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RIO Country Report Ireland 2017

The R&I Observatory country report 2017 provides a brief analysis of the R&I system covering the economic context, main actors, funding trends & human resources, policies to address R&I challenges, and R&I in national and regional smart specialisation strategies. Data is from Eurostat, unless otherwise referenced and is correct as at January 2018. Data used from other international sources is also correct to that date. The report provides a state-of-play and analysis of the national level R&I system and its challenges, to support the European Semester.



Challenges for R&I policy-making in Ireland

  • Enhancing collaboration between enterprise and academic research. In 2017 this is addressed by SFI establishing four further research centres in order to support leading basic and applied research with strong industry engagement, economic, and societal impact. Funding for a fifth research centre (which will bring the total to 17) was also approved.
  • Developing a sustainable funding model for the higher education sector. The decade long decline in state funding of HEIs, coupled with increasing staff-student ratios, threatens to compromise quality. A consultation between the Parliamentary Committee on Education and Skills and various stakeholders started in 2017 based on the Cassels report. However, a new funding model will not be completed by 2018.
  • Improving the level and performance of R&D by indigenous enterprises. BERD is dominated by foreign-owned MNCs. Enterprise Ireland's Strategy for 2017-2020 seeks to support SMEs increasing R&D investment by 50% to €1.25 billion by 2020 and to increase the level of innovation and entrepreneurship across Irish regions. The recent review of capital expenditure on RD&I from 2000 to 2016 points also to the importance of whole-of-government approaches to supporting RD&I in indigenous businesses. Further engagement in RD&I is being facilitated though supports such as the Agile Innovation Fund and the online Find R&D Funding Tool.
  • Increasing R&D and embeddedness of multinationals in the research system. The focus of policymakers is to strengthen collaboration between Irish operations of foreign-owned MNCs and the research system. The most significant recent development in this respect is the establishment of a further four SFI research centres in 2017 and approval for funding another.

Smart Specialisation Strategies

The national research prioritisation exercise (RPE) undertaken in 2012 is Ireland’s Smart Specialisation Strategy, according to the partnership agreement with the European Commission in November 2014. It identified 14 priority areas following a process of consultation with stakeholders, including industry, the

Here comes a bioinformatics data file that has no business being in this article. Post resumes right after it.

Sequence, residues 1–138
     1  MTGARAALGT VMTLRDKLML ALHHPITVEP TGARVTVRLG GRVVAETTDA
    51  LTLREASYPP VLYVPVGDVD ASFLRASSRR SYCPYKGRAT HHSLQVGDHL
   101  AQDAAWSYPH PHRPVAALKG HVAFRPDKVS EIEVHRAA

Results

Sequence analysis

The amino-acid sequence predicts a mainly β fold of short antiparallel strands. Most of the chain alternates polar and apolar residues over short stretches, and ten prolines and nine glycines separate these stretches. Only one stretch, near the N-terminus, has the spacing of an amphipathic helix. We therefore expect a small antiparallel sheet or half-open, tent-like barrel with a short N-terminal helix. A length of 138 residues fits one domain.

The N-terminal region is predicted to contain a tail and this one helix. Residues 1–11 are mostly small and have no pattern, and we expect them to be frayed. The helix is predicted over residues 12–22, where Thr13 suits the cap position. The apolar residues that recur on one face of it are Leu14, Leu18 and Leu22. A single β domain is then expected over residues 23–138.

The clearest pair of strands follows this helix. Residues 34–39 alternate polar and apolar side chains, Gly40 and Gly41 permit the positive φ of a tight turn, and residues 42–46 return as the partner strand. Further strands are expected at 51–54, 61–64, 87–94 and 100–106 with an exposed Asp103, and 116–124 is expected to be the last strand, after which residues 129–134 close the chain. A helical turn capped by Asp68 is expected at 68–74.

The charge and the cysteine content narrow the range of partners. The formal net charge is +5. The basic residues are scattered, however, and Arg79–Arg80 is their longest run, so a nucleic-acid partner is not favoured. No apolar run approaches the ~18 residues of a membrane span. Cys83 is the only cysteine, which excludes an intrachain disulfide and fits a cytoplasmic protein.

Higher Education Sector, and government agencies. Innovation 2020 launched by the Irish government in 2015 is a whole-of-government strategy for innovation. It positions the 14 priority areas within 6 broad enterprise themes: ICT, health and medical, food, energy, manufacturing and materials as well as services and business processes.

The Second Progress Report on Innovation 2020 was published in December 2017 (DBEI, 2017a). An action in the progress report was to put in place a new cycle of Research Prioritisation (DBEI 2017a: page 7). Revised research priority areas for 2018 to 2023 were published in March 2018 (DBEI, 2018a).

The RPE has been instrumental in focusing Irish public funding for RD&I and there is evidence that a critical mass in the priority areas has emerged or is emerging. The SFI Research Centres are closely aligned with the RPE and have established close links with industry. However, to date there is no published evaluation of the RPE, setting out, for example, the relative success of each priority area and the additionality and impact of funding in each area.

In 2015/2016 the Irish government published Regional Action Plans for Jobs, based on NUTS 3 regional categories, aimed at building on sectoral strengths and enterprise potential within each region in collaboration with regional stakeholders from the public and private sectors (DBEI, 2017b). In addition, the National Planning Framework will develop regional spatial and economic strategies at NUTS2 level, in alignment with national enterprise policy, national infrastructure investment planning and the national specialisation strategy. RD&I policy in Ireland is a national competence. Regional innovation performance will be conditioned by regional competences based on relative strengths of HEIs and businesses in different locations.

Geo coverage
Report year
Official publication date
Wednesday, 4 July, 2018
National expert name
Declan Jordan
Last update: 18/07/2019 | Top | Legal notice | Contact | Search